The Farm

Kate Veling | August 2018

Three years since its inception, Gold Coast’s first contemporary dance company, The Farm, is putting our city on the cultural map.

When people talk about being dedicated to their craft, they don’t usually mean they’ll spend 49 hours on a sandbar in the middle of an estuary doing an improvisational performance. But The Farm has done it. Twice. That’s how committed they are to their art, their audience and their creative community.

Part installation, part interactive theatre, part dance performance and entirely a test of endurance Tide sees two real estate agents carry out their work in a make shift office in the middle of Currumbin lagoon. The work was one of The Farm’s first public performances when it debuted at *Bleach Festival in 2015. It was a milestone for the company and for the cultural development of our city.

“I think it might be a bit like child birth where you forget the pain,” says The Farm co-artistic director, Gavin Webber, about revisiting the work. “Everyone has such a strong memory of it as a kind of turning point for performance arts on the Coast that we really felt revisiting it for the Festival 2018 was appropriate. We talked ourselves back into it.”

It was met with even more enthusiasm than last time. Locals paddled and swum out the office to interact with the performers and deliver food, coffee and moral support. “There’s just something about Tide,” says Gavin. “It just seems to speak to people and they feel very much a part of the work, which is what I love the most about it. There were already people in our ‘office’ when we arrived this time and constant visitors throughout the 49 hours.”

The Farm has always taken an innovative approach to how they present their artistic offerings. Aware that contemporary dance may not be the most mainstream form of entertainment, they often bring their performances to the audience rather than asking the audience to come to them. When they first formed, they didn’t have anywhere to rehearse. Their solution was to set up a makeshift studio on the beach so they could interact and engage with their new community. It’s an approach that has won them an enthusiastic loyal local fan base.

Grayson Millwood, the other artistic director of the company, says that the way the Gold Coast has claimed The Farm as their own, is hugely encouraging and also an experience that’s unique to this city. “I love the impact we’re having and how much people are really appreciating The Farm on the Gold Coast,” he says.” I think in a bigger city that type of appreciation would take a little longer to achieve. Or you wouldn’t quite achieve it in the same way.”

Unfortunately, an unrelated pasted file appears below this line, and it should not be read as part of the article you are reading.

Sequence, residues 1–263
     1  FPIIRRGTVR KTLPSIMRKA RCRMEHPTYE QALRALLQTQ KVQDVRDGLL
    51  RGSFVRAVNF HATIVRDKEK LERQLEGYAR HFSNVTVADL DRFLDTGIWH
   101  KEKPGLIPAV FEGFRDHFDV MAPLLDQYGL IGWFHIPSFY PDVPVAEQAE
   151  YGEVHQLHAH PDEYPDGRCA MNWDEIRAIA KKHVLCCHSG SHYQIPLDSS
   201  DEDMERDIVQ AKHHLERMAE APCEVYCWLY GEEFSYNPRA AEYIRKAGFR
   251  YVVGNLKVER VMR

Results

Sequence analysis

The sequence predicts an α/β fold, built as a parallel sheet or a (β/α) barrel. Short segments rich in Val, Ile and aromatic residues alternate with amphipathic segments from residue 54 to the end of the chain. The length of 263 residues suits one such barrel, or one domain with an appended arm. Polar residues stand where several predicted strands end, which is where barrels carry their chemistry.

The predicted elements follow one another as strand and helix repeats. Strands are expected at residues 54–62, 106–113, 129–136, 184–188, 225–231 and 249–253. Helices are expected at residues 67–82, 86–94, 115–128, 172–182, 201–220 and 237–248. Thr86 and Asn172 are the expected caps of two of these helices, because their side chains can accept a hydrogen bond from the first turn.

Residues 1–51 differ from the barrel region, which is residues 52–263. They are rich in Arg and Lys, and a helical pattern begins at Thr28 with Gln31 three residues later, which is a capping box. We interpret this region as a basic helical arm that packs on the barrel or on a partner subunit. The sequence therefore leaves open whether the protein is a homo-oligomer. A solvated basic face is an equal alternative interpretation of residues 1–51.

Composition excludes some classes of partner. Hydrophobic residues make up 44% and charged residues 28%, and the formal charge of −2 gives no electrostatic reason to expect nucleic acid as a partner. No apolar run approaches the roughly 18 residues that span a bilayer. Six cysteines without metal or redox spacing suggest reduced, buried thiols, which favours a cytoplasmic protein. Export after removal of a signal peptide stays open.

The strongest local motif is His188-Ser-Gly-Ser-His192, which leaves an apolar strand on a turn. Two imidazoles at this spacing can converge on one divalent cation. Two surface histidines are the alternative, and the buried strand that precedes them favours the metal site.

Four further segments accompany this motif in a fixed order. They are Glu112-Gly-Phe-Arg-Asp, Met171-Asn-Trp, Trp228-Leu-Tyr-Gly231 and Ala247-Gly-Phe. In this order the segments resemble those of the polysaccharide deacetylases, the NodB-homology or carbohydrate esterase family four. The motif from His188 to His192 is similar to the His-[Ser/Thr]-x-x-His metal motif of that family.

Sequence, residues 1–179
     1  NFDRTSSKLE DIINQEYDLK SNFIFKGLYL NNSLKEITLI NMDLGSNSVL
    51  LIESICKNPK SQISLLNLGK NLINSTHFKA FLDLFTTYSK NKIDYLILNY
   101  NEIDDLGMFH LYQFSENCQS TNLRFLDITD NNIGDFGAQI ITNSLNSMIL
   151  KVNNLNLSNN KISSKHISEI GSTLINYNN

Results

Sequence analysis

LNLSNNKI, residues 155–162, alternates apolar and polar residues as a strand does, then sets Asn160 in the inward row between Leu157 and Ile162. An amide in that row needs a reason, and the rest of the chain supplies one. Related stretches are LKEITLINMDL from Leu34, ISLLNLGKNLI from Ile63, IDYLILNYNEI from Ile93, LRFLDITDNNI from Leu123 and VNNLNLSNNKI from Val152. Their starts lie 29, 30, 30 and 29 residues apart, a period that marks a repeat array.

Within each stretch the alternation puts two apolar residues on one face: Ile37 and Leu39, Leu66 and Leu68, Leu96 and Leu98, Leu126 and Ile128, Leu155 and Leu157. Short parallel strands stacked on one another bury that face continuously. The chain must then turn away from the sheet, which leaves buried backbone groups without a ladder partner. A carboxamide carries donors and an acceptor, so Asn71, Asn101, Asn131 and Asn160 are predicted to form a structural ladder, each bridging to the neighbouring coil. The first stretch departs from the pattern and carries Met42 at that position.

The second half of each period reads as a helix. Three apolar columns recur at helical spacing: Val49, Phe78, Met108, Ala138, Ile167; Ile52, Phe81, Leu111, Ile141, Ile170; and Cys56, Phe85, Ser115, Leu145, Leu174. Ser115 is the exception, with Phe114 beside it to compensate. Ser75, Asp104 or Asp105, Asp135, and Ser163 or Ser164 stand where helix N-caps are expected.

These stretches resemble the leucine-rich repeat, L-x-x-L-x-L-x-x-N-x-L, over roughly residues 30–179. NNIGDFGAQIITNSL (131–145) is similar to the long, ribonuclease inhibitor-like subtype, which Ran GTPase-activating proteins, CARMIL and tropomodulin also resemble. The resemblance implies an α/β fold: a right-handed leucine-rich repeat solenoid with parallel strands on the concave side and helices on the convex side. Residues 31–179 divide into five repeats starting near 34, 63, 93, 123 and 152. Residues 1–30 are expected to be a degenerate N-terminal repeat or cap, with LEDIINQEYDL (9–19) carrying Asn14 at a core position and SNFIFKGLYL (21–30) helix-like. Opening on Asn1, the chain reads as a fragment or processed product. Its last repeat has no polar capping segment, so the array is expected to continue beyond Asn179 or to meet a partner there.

In their three years of operation, The Farm has been prolific in their creative output, performing numerous works, shows, festivals and workshops. ­Tide wasn’t their only performance during Festival 2018. Their second contribution was a show called Ninth Wave. Once again, The Farm took their work into the great outdoors and the show was set on Surfers Paradise Beach after dark. In the darkly humorous, apocalyptic piece, the end of the world is nigh but a group of champagne swilling party animals are oblivious to the warning signs. The Ninth Wave unfolds as a journey of consequences and the young hope that always grows from it.

The Farm is renowned for performances that are at once entertaining and challenging – that will make you laugh but also make you think. The Ninth Wave definitely fell under that category and thanks to increased funding from City of Gold Coast and Festival 2018, The Farm were able to be more ambitious in the way they approached the production.

“It was great to realise a piece like that in terms of its scale,” says Gavin. “It was immense in a lot of ways. We had a whole sunken world on the beach. We had these streetlights that we buried in the sand so only the top couple or metres stuck out, half buried cars and a petrol sign. It was quite epic. The concept of The Ninth Wave is very climate driven – this idea of the environment and what’s happening to it. As well as adult performers and eight members of our youth ensemble were involved. We worked with teenagers who will be the next generation who will have to deal with all the mess we’ve made.”